by Kelsey Marie Harris
Today I thought about endurance, and how it relates to mindfulness. I find myself practicing this in small ways. I’ll have an itch but I won’t scratch it. I make myself feel it. When it seems too much to bear I assure myself, it likely won’t itch 10 minutes from now. Then I tell myself, it definitely won’t feel this way a day from now, or a week. This has become a ritual for how I approach challenges in my life.
If I go for a run on a treadmill I focus on the clock. Some people would rather cover it up or distract themselves with music or a video, and that’s fine, but I need to see it. My ritual comes into play. As I approach 5 minutes, I tell myself I can definitely get to 10. 13 is around the corner. 13 is basically 15. If I can get to 15 I can get to 20, and so on.
When I have a disagreement with a loved one, I assess the severity of the dispute. If I know what we’re arguing about will likely not be an issue a week from now, I try my best to let go of my pride, agree to disagree, and move on with no hard feelings. I don’t try to prove that I’m right. I certainly don’t try to prove that they are wrong.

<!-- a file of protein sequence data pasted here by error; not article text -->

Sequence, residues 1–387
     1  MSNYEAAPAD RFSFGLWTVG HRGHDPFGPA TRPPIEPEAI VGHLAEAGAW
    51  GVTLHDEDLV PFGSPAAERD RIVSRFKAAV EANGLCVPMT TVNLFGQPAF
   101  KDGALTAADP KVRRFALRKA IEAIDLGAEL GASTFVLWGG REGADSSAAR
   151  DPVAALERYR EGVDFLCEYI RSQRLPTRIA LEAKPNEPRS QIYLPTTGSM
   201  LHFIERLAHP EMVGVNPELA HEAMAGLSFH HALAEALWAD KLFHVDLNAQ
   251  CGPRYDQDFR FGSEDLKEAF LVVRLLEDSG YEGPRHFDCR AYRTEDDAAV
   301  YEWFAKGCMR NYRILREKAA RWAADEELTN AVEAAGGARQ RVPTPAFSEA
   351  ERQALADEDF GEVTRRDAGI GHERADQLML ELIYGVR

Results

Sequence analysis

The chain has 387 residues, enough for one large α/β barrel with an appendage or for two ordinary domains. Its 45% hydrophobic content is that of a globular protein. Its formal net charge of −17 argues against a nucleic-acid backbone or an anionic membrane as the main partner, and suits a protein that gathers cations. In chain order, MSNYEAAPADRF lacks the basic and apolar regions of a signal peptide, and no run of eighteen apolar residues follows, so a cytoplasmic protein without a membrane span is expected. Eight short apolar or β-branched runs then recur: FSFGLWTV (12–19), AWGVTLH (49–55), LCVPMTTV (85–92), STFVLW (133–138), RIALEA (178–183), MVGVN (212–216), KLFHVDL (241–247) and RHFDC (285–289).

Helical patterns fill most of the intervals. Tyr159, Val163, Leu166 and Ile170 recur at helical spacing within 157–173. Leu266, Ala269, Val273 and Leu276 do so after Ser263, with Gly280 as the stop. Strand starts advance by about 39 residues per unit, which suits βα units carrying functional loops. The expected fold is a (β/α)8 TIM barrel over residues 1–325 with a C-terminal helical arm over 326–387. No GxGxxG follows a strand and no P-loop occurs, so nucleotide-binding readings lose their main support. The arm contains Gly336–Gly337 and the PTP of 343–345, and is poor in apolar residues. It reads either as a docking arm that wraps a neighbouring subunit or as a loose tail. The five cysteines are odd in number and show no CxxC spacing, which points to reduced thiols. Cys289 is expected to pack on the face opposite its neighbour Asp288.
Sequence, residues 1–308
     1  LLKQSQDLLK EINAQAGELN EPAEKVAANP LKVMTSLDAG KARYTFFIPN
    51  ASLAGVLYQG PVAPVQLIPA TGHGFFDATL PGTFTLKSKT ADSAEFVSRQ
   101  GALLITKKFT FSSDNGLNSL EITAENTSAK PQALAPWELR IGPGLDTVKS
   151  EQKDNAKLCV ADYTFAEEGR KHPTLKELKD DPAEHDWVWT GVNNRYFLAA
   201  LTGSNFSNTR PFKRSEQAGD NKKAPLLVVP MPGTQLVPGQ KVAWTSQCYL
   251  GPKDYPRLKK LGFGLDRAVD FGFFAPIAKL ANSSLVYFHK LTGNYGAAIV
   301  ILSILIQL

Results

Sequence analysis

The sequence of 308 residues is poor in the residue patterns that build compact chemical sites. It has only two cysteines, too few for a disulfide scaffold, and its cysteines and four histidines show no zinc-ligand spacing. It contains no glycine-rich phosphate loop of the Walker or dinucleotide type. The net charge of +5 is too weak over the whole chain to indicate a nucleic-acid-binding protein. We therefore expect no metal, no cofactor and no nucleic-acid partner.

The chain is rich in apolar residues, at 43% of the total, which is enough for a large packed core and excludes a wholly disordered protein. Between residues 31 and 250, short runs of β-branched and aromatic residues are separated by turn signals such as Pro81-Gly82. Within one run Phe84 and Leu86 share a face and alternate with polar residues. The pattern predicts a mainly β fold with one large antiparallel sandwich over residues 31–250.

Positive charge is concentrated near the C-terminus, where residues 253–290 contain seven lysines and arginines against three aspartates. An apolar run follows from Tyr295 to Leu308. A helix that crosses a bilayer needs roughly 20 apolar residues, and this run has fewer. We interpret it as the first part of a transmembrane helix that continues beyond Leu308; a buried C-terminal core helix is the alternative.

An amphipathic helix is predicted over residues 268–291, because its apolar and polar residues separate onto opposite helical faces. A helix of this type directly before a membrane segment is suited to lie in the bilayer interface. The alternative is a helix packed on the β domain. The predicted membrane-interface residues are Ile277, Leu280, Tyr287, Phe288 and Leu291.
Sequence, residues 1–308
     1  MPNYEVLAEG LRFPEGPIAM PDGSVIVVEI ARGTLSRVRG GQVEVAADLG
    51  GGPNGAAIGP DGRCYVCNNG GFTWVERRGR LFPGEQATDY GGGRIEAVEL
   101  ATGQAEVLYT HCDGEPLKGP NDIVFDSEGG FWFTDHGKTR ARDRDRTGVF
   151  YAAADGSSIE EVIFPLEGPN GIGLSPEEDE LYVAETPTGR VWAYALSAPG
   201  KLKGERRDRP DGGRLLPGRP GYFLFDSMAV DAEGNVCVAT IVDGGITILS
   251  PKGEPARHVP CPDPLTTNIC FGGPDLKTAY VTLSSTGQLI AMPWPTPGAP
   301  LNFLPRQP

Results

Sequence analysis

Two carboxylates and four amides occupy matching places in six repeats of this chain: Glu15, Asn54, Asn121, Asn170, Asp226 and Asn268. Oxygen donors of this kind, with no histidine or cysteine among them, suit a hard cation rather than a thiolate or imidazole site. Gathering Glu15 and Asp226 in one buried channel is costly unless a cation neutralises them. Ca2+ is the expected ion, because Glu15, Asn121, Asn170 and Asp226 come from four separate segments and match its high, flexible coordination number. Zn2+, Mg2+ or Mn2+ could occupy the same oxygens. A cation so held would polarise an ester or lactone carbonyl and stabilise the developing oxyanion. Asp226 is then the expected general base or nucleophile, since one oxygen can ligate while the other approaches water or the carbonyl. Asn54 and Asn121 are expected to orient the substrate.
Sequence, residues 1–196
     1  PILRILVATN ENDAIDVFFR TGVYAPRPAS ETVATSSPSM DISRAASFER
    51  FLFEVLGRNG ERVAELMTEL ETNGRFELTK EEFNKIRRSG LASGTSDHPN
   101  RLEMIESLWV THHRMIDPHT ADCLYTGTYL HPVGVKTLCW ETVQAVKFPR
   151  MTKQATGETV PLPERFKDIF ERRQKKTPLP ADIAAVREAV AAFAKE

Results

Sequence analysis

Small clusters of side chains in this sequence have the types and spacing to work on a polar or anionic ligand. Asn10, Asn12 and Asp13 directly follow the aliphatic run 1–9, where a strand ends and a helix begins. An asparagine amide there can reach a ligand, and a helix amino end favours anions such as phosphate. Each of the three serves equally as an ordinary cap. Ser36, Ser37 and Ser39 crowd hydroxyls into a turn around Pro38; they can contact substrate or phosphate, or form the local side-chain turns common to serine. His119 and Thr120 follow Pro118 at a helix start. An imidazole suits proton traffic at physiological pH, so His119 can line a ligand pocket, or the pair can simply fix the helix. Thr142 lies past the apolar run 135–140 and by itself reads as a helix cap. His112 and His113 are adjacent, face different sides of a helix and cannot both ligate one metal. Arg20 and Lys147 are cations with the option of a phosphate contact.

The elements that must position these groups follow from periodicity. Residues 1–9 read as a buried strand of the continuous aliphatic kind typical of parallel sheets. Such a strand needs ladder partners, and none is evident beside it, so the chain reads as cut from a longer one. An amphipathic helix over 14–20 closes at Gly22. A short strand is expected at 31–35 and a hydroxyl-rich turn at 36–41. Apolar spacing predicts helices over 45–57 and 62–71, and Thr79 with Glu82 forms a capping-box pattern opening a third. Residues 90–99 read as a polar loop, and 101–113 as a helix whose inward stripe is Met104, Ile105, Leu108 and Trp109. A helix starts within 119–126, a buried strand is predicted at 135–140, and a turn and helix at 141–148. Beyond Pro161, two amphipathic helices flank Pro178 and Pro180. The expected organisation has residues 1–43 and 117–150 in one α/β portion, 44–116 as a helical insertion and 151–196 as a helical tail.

When we decide to make changes in our lives, we sometimes try to do it all at once. This can quickly lead to burn out and falling back into old habits. We beat ourselves up for what seems like personal failure. The endless pursuit of happiness can be exhausting. We’ve been taught that joy is the only feeling that matters and all our other “messy” feelings should be pushed down to make room for it. This kind of pressure is not conducive to growth and its taxing on our psyche.
Making small efforts while remaining present in the moment, even when it’s uncomfortable, builds my capacity to make bigger changes down the line. I’m not naive to assume this approach will work for everything, or for everyone; but it has helped me to be more mindful, to not disassociate as much, and to see things through to the end. These are not things that come easy for me, but I’m learning to not base my decisions on what’s easy anymore. True freedom means abandoning the things that make you comfortable, once you realize what’s comfortable isn’t always what’s healthy.